On appeal from the Superior Court of New Jersey, Law Division, Essex County, Indictment No. 95-06-2287.
NOT FOR PUBLICATION WITHOUT THE APPROVAL OF THE APPELLATE DIVISION
Submitted December 8, 2010
Before Judges Sapp-Peterson and Fasciale.
Defendant, Darnell Dixon, appeals from the July 3, 2008 order denying his petition for post-conviction relief (PCR). We affirm.
Following a trial in 1997, defendant was found guilty of first-degree aggravated manslaughter, N.J.S.A. 2C:11-4a(1), third-degree unlawful possession of a handgun; N.J.S.A. 2C:39-5b; and second-degree possession of a handgun for an unlawful purpose, N.J.S.A. 2C:39-4a. The court subsequently denied defendant's motion for a judgment notwithstanding the verdict or, alternatively, a new trial. At sentencing, the court granted the State's motion to sentence defendant as a persistent offender and impose an extended term. The court sentenced defendant to an aggregate thirty-year custodial term with a ten-year period of parole ineligibility.
In an unreported opinion, we affirmed defendant's conviction and sentence. State v. Dixon, No. A-5906-97 (App. Div. Nov. 8, 1999). The Supreme Court denied defendant's petition for certification. State v. Dixon, 163 N.J. 396 (2000). In June 2000, defendant timely filed a pro se PCR petition. Defendant was assigned counsel, but in January 2002, defendant notified the Office of the Public Defender (OPD) that he was dissatisfied with his assigned counsel's representation and requested that new counsel be assigned. The following month, defendant corresponded with the court, requesting that his PCR petition be "set aside." The court treated the correspondence as an application to withdraw the petition and granted this relief without prejudice to defendant to re-file his petition. Thereafter, defendant continued to correspond with the OPD. Between 2002 and 2006, a number of attorneys from OPD were assigned to represent defendant in connection with the petition, but it does not appear that any formal proceedings occurred. Finally, in April 2006, a new petition was filed on defendant's behalf. The court issued a lengthy opinion denying relief, including an evidentiary hearing. The court found that defendant's petition was time-barred pursuant to Rule 3:22-12 and that "there has been no injustice sufficient to relax the five-year time bar of [Rule] 3:22-12." Nonetheless, the court addressed the merits of defendant's petition and also concluded that defendant failed to meet the standards for post-conviction relief.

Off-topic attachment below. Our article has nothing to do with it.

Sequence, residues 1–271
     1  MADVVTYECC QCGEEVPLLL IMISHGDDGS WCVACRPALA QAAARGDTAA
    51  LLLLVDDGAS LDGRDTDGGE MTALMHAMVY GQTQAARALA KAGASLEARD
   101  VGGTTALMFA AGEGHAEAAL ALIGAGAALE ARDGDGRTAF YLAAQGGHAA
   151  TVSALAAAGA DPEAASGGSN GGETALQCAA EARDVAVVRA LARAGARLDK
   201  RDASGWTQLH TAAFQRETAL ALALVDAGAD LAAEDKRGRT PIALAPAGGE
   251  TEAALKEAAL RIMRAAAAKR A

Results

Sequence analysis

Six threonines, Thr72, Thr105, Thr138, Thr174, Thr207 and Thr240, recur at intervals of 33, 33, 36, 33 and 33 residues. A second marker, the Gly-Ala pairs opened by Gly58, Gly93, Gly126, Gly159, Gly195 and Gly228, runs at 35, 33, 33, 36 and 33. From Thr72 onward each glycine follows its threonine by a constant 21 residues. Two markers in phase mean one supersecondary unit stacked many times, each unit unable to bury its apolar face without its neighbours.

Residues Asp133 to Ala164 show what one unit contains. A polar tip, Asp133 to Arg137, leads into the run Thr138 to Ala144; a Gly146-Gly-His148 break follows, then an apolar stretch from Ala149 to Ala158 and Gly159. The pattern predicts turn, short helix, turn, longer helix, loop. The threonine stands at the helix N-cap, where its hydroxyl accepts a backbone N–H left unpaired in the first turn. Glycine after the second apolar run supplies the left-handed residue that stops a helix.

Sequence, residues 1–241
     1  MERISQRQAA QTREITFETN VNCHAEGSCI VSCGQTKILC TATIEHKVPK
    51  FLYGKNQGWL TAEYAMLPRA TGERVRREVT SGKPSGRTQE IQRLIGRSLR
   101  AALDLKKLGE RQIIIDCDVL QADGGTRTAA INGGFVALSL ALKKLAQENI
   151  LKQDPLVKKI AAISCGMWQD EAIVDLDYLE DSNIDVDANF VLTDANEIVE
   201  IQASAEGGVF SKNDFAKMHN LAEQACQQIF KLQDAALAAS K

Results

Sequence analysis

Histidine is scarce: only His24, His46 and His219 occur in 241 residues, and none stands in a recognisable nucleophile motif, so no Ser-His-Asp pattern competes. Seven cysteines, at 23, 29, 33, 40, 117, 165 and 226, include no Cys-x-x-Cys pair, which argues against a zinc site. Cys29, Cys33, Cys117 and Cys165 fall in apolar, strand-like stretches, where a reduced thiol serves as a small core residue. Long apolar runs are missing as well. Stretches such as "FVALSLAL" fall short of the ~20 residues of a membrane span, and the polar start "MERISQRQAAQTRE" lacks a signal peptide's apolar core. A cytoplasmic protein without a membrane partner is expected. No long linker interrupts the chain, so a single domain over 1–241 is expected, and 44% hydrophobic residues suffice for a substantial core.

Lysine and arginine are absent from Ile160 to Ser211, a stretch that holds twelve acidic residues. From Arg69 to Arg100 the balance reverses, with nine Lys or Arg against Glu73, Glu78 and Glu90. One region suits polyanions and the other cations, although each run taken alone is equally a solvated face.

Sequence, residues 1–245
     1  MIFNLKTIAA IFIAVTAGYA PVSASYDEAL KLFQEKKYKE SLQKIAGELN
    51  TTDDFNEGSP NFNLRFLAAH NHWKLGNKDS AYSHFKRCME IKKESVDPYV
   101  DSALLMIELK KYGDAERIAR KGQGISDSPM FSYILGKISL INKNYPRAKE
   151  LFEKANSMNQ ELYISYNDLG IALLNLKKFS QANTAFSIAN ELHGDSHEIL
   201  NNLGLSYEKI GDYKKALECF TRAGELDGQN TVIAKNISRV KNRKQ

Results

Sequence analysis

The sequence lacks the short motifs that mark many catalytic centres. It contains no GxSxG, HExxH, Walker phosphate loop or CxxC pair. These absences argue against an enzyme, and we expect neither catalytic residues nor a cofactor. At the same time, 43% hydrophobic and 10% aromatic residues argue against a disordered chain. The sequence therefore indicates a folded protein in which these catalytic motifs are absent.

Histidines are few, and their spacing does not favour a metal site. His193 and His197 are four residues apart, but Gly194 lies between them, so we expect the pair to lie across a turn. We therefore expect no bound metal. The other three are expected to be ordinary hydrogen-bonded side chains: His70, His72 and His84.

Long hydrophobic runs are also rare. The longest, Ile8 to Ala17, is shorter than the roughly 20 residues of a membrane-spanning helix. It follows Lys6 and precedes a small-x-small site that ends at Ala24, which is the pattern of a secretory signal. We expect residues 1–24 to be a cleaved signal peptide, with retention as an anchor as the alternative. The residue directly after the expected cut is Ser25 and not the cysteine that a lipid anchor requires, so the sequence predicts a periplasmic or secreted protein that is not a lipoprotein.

Defendant's conviction stemmed from the 1995 shooting of the victim who, according to what defendant reportedly told Michael Swann, attempted to rob him. Another witness, Mark Willis, identified defendant as the victim's shooter. Defendant's girlfriend and mother of his three children, Janell Barnes, testified that defendant was at her house, located in the area where the shooting occurred, around the time the shooting allegedly occurred. She also testified that she heard gunshots and looked out the window, but was unable to see anything because it was foggy and "real misty." At that time, defendant was in the living room with the children. Barnes's stepfather, Robert Arrington, also at Barnes's home that evening, testified that he heard shots. He corroborated Barnes's testimony that defendant was in the living room with the children at the time he heard the shots. Finally, one other witness, Marcel Carter, testified that he had just completed a game of basketball when he heard shots and saw a figure running. He was unable to determine the gender of the person. Fearing that he might get caught in any cross-fire, he went to Barnes's home to get a ride from defendant. He arrived at Barnes's home ten minutes after the shooting, where he found defendant on the sofa with his children.
On appeal, defendant raises the following points for our consideration:
THE COURT ERRED IN FINDING THE PETITION FOR POST[-]CONVICTION RELIEF TIME[-]BARRED.
THE COURT DENIED DEFENDANT THE RIGHT TO BE PRESENT AT EVERY STAGE OF THE TRIAL AND FAILED TO SECURE AND ...